What has been rewarding about living low carb?
Adele: The most rewarding thing for me personally is that, as I got older, I didn’t — and don’t — have much of a need to “slow down.” I went back to graduate school at 46, started a PhD program when I turned 50, and started a new, fast-paced job at Diet Doctor when I was 55. Before I started eating this way, back in my thirties, I barely had enough energy to get through a day. I just never feel that way anymore.
Have you influenced anyone around you to live low carb?
Adele: Yes, thankfully. My dad was diagnosed with full-blown diabetes in his 60s. His doctor offered him two choices: He could start taking metformin or he could reduce the sugars and starches in his diet.
My dad knew that I did that myself, so he figured he could too! I gave him some pointers — and more importantly, a glucometer — and that took care of it. His diabetes never progressed. He never went on any diabetes medication. And in fact, his HbA1c level normalized after about a year and stayed that way.
What has been the hardest about sticking to low carb, anything you miss?
Adele: It used to be a lot harder. If I wanted to make low-carb cookies or crackers, I had to make them myself from scratch. The non-caloric sweeteners that we had available were pretty limited and didn’t work very well or taste very good. And now, there are so many more products for low-carb baking and cooking that are readily available.
In the past, if I wanted to use almond flour, I had to grind it up myself in my food processor. Now I can get big bags of it at Costco.
Restaurants are much more accommodating now, too. No one blinks an eye when I order my burger without a bun. I really don’t have much of an opportunity to “miss” foods I like. I can make almost all of them in low-carb versions!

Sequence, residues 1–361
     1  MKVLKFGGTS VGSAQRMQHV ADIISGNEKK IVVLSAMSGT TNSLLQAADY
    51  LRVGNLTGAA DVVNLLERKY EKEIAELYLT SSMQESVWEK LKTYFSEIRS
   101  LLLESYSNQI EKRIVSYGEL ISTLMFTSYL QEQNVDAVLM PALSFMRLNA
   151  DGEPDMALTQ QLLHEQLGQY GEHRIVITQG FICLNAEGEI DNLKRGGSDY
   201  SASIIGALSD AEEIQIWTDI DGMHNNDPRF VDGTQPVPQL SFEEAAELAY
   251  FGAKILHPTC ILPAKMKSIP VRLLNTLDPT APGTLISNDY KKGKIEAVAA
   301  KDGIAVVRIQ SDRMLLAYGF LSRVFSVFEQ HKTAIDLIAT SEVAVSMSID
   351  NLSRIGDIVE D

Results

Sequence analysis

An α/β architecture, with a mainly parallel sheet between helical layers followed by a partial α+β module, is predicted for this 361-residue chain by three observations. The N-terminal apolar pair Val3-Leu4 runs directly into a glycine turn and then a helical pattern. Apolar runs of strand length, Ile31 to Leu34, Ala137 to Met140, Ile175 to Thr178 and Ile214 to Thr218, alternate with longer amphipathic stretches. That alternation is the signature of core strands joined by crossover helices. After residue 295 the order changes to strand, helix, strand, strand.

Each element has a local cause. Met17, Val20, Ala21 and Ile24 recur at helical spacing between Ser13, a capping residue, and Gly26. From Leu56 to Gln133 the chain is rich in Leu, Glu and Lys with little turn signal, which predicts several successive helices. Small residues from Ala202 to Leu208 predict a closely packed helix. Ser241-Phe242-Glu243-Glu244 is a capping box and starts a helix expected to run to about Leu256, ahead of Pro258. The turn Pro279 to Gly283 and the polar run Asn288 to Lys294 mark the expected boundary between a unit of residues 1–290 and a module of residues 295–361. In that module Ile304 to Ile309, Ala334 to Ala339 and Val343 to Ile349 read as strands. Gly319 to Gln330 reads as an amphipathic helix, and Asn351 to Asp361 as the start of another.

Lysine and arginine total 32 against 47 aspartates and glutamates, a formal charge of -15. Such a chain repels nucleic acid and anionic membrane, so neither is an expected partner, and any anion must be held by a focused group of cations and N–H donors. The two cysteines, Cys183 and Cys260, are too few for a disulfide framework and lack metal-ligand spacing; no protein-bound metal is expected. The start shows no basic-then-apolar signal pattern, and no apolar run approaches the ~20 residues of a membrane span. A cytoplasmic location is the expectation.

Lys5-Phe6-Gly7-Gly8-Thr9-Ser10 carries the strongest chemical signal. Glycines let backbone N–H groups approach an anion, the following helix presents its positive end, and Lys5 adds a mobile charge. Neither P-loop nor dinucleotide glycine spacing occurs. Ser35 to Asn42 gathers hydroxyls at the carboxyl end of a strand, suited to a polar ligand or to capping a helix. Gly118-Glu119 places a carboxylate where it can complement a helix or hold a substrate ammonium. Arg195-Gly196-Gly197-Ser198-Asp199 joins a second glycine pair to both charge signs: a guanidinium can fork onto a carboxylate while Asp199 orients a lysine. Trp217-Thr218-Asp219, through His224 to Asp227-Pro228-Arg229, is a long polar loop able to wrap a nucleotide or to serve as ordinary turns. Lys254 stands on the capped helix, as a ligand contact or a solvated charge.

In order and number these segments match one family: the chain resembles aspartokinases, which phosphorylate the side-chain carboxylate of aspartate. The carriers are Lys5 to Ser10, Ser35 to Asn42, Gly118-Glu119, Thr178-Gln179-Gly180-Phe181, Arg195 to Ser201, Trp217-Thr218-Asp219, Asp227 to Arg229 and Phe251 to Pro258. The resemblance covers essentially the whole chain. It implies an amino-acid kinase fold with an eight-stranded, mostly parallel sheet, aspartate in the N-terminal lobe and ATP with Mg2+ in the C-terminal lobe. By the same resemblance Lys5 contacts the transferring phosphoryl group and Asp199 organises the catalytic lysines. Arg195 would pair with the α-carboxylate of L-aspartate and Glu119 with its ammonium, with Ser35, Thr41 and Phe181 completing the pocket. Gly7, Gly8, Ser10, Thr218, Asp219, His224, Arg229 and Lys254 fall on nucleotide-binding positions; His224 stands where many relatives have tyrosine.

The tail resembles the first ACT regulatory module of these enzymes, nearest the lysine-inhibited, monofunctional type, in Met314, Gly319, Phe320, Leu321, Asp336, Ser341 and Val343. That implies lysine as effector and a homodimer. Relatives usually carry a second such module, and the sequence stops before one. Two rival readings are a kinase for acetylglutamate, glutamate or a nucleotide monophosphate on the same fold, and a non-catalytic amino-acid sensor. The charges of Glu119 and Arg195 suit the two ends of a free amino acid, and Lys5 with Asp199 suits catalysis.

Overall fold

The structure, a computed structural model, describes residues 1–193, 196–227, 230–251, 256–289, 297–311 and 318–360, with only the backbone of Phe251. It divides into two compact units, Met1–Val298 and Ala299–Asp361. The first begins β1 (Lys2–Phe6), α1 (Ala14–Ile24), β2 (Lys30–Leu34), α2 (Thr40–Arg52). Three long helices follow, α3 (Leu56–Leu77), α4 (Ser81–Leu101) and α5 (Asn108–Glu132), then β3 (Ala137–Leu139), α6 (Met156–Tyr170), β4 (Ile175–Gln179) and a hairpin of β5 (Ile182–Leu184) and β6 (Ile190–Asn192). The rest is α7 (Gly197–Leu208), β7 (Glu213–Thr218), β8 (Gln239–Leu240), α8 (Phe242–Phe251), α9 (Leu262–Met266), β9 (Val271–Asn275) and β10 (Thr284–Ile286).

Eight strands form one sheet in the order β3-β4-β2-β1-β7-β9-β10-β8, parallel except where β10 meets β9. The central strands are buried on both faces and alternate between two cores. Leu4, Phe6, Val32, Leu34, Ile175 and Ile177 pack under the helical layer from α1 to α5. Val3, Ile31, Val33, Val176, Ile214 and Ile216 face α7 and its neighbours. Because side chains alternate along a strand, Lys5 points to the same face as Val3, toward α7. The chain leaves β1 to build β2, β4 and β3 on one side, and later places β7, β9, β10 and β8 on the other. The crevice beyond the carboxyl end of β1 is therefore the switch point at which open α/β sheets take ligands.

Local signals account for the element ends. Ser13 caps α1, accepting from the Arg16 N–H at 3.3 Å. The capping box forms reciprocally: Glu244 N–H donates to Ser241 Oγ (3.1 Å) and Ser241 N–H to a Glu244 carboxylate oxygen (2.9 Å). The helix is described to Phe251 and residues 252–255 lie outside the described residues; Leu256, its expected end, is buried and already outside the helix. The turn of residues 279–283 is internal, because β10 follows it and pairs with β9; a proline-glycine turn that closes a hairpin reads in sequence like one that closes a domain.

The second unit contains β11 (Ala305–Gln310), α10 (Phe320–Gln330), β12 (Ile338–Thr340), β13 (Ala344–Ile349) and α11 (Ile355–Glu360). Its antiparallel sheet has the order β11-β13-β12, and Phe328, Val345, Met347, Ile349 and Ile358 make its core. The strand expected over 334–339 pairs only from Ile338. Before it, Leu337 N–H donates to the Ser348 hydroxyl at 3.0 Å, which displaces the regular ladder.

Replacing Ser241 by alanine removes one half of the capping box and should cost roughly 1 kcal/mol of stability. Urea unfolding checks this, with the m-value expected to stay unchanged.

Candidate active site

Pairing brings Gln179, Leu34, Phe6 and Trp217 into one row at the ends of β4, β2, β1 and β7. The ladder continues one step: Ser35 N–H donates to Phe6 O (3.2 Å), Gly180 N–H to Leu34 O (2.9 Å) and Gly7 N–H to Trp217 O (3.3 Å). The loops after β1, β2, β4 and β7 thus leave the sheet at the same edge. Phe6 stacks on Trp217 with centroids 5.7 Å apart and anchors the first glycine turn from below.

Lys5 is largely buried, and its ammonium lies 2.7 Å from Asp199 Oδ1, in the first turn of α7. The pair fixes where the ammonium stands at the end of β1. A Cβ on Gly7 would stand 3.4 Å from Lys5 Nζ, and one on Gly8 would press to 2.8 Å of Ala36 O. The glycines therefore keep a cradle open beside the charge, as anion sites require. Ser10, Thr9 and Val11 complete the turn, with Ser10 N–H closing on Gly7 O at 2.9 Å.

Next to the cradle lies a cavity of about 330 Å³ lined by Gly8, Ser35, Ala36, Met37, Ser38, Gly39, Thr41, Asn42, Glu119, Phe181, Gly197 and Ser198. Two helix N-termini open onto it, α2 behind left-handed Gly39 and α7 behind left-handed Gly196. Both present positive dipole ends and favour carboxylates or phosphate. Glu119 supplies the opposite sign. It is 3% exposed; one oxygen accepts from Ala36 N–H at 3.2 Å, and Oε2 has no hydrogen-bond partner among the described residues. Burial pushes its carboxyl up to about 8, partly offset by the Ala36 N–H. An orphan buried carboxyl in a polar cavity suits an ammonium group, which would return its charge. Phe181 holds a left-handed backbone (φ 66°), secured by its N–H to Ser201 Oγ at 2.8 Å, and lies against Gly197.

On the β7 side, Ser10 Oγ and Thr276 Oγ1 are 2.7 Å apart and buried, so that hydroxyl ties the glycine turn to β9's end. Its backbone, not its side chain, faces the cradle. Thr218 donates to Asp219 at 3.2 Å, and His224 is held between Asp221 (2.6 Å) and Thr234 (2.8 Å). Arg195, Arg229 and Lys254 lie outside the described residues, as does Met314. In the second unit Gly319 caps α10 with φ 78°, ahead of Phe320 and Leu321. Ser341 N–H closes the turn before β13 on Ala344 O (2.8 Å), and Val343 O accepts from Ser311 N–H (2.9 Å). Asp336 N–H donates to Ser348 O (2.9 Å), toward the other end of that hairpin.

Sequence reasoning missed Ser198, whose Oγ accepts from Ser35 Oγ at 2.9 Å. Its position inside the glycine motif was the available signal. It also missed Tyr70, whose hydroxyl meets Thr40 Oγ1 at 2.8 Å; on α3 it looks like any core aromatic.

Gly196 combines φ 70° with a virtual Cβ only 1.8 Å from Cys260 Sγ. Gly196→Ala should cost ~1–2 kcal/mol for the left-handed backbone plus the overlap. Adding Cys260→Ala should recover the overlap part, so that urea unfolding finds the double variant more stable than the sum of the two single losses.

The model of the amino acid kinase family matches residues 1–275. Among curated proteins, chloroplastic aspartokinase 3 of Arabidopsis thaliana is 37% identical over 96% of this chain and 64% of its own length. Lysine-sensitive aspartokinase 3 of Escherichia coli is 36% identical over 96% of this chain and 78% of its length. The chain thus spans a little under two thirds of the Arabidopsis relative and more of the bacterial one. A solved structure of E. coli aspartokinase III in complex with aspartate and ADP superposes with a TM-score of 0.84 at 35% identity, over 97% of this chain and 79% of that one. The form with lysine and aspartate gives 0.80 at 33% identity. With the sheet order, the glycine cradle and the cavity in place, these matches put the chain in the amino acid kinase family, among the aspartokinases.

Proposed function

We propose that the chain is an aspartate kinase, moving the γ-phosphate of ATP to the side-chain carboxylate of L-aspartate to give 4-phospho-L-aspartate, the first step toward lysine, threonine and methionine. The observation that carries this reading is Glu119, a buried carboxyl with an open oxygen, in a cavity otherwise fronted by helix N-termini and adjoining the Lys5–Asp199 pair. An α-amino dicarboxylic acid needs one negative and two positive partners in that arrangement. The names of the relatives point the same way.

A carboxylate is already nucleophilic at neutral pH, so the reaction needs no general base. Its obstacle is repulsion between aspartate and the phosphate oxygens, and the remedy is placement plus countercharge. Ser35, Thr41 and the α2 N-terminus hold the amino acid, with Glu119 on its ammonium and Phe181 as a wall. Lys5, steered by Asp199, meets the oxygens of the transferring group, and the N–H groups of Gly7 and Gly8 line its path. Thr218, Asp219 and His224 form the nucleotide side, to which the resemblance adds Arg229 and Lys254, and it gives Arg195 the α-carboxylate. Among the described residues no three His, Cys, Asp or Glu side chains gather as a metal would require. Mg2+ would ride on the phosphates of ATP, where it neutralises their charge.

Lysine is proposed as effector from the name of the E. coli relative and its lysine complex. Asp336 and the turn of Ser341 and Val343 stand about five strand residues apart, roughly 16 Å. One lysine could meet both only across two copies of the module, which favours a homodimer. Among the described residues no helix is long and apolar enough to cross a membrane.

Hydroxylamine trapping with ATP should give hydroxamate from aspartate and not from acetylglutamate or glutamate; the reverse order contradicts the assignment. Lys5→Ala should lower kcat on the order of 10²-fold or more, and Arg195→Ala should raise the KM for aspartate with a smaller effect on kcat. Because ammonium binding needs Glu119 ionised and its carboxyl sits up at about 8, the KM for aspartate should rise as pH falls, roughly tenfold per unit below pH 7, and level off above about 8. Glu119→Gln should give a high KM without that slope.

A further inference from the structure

What are your top three tips for someone who’s new to keto?
- Reduce your intake of sugars and starches. You can do it cold turkey or you can take it slow (like the six steps down carb mountain), but that is the most important ‘tip.’
- Get adequate protein every day. When I started out in low carb — and I believe Dr. Westman still offers this same advice in his clinic today — protein foods were unlimited. This was how Atkins did it. You could eat as much protein food as you wanted. Nobody then was afraid of eating ‘too much’ protein, and I don’t think it is a very well-founded fear for most people now.
- Add fat only as needed. Today’s ‘keto’ diet makes it sound like eating as much fat as possible is the most important part of the diet. It isn’t. This ‘fat can’t make you fat’ attitude with the ‘new wave keto’ is exactly like the ‘carbs can’t make you fat’ attitude that we got with the low-fat diet craze. It doesn’t make any sense to me.
What’s your favorite part about working for Diet Doctor?
Adele: My favorite part about working with Diet Doctor? I don’t even know where to start. I love the people I work with, and I love our company’s mission. Every day is another chance to give people all over the world the best information possible about how to improve their health — what could be more inspiring than that?
More with Adele:
Be sure to check out this week’s episode of the Diet Doctor Podcast — featuring Adele!